Village of Leushino. Russian Empire
The Mariinsky Canal System (now known as the Volga-Baltic Waterway) links Saint Petersburg with the Volga River basin. In 1909, when this photograph was taken, a primary component of the waterway was the Sheksna River, which drained White Lake (Beloe ozero) at its southeast corner and flowed west to the Volga. The Sheksna merged with the Volga near the town of Rybinsk. The Sheksna is now largely hidden by vast reservoirs created in the 1940s, which submerged much of the land along the river. Among the submerged villages was Leushino, located down the Sheksna from Cherepovets near the present-day village of Miaksa. The photograph shows log structures in Leushino, including a windmill whose upper part rotates on a cuboid base. Also visible are large threshing barns and a few houses. Behind the forest on the right is the dome of the Trinity Cathedral and the bell tower of the Leushinskii Convent. The image is by Russian photographer Sergei Mikhailovich Prokudin-Gorskii (1863–1944), who used a special color photography process to create a visual record of the Russian Empire in the early 20th century. Some of Prokudin-Gorskii’s photographs date from about 1905, but the bulk of his work is from between 1909 and 1915, when, with the support of Tsar Nicholas II and the Ministry of Transportation, he undertook extended trips through many parts of the empire.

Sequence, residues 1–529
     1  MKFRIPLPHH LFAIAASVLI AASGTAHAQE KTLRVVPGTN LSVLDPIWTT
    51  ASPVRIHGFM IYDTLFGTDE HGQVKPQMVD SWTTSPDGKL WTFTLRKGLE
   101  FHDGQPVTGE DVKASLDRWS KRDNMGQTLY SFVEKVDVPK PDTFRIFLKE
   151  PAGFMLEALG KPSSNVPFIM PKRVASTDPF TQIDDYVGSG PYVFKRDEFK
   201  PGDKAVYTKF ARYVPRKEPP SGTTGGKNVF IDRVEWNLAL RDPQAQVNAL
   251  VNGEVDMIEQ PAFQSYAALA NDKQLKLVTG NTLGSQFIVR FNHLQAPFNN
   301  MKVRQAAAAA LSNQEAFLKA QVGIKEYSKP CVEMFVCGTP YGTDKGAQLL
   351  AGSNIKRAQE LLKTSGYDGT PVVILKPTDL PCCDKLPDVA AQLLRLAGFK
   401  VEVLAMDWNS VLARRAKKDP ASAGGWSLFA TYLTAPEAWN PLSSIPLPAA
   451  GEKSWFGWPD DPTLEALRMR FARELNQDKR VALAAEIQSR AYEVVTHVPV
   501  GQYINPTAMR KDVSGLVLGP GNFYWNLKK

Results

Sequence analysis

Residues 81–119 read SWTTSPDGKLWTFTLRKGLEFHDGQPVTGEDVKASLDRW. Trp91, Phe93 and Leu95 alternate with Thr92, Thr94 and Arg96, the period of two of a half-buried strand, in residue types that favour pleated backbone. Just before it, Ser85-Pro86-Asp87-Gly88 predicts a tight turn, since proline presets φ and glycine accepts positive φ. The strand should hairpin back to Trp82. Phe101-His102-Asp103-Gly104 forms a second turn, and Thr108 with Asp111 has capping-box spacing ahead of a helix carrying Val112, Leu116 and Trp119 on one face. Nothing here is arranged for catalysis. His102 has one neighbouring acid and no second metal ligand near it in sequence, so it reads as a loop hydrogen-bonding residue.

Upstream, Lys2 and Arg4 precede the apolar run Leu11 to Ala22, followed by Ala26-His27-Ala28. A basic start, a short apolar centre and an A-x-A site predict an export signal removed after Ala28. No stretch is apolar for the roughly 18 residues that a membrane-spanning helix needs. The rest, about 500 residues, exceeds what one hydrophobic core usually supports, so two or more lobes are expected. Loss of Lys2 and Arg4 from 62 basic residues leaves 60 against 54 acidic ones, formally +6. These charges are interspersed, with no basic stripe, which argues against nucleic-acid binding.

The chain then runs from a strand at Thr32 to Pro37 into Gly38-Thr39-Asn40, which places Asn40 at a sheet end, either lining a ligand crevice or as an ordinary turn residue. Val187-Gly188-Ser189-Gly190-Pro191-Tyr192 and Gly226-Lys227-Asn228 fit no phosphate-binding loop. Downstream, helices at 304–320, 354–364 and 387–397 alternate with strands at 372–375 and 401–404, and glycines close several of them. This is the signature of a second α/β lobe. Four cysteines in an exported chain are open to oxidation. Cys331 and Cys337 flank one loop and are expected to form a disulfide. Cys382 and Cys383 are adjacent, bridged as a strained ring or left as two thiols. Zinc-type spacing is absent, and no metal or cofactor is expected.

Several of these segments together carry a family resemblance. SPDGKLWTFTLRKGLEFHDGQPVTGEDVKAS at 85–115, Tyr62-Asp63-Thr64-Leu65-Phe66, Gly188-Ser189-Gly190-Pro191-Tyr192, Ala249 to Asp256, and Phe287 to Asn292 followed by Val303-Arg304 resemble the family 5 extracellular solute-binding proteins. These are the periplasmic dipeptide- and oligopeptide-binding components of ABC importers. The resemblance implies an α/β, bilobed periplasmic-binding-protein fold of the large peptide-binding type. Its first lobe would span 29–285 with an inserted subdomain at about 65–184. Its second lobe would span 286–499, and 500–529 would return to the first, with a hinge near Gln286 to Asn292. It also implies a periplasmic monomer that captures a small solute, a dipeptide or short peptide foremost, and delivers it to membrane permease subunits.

Title in Original Language
Деревня Леушино. [Российская империя]
Type of Item
Glass negative (presented as a digital color composite)
- Prokudin-Gorskii’s photographic work survives primarily in two forms: 1,901 black-and-white triple-frame glass plate negatives, made with color separation filters, which Prokudin-Gorskii used to make color prints and lantern slides; and 12 albums of sepia-tone prints, made from the glass negatives, which Prokudin-Gorskii compiled as a record of his travels and studies. The Library of Congress purchased the glass plate negatives and the albums from the Prokudin-Gorskii family in 1948. In 2004, the Library of Congress had digital color composites made from all the surviving glass negatives using a software algorithm to automatically align the color components. As with most historical photographs, title and subject identifications are corrected and enhanced through new research. Current information on the collection is at http://www.loc.gov/pictures/collection/prok/.
Last updated: September 23, 2016